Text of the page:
The e-commerce giant Amazon is the second largest private employer in the U.S., with more than 1 million employees working in fulfillment centers and corporate offices around the country. For years, labor activists have sought to unionize this enormous workforce, but past efforts largely failed to gain traction. That may be starting to change, however, if recent developments at New York’s largest Amazon warehouse are any indication.
Last week, staff at the JFK8 facility on Staten Island voted 2,654 to 2,131 in favor of organizing into a union. “Today the people have spoken, and the people wanted a union,” said Chris Smalls, an Amazon warehouse employee who led the organization effort. While it could be months before the union brokers its first contract with the company, the results from the Staten Island vote could encourage upcoming union elections at two other Amazon facilities. The e-commerce giant isn’t the only company facing efforts to organize, either: in December 2021 baristas at a Starbucks in Buffalo, New York, voted to form the first union in the coffee chain’s 50 year history.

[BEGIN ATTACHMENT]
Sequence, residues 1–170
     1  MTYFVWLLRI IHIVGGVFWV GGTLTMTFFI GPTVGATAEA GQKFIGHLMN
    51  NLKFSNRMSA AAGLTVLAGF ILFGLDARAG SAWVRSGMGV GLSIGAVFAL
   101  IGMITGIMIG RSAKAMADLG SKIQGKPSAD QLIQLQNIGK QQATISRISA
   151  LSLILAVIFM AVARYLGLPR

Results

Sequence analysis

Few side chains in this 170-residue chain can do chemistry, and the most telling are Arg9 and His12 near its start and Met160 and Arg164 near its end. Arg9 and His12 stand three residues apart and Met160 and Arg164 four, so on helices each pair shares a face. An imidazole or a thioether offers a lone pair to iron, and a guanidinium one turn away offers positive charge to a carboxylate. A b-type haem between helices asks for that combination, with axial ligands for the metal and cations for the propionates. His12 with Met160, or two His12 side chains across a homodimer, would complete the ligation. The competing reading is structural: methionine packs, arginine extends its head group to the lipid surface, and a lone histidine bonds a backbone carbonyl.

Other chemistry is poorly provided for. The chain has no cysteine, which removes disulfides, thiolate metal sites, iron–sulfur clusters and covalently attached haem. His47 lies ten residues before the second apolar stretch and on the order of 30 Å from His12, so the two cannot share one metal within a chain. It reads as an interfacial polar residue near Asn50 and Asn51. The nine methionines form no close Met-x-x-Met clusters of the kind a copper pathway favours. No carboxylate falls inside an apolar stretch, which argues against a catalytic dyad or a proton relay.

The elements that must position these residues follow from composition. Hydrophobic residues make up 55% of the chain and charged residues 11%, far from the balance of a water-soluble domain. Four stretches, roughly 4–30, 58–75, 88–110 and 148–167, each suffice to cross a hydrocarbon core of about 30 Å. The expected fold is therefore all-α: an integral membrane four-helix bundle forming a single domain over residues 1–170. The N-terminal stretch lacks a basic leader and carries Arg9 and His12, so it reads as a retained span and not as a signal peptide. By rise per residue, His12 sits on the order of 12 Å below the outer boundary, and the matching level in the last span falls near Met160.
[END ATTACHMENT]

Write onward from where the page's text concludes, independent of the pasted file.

Unionization efforts like these often encounter resistance from management. Amazon, for instance, frequently used meetings inside the company to campaign against unions and warned workers of potential dues they might have to pay. “It’s always an uphill battle for unions,” said Rebecca Givan, who specializes in labor studies at Rutgers University. “People see enough workers sign a card showing union support and think maybe the next steps are straightforward, but they’re not.” Amazon could even challenge JFK8’s union on the grounds that the National Labor Relations Board (NLRB) interfered too much in the process. Still, that is just one of many things that still remains to be seen in this potential union resurgence.
- Why do you think workers at Amazon’s Staten Island facility voted to unionize?
- What are the potential benefits and drawbacks of joining a union?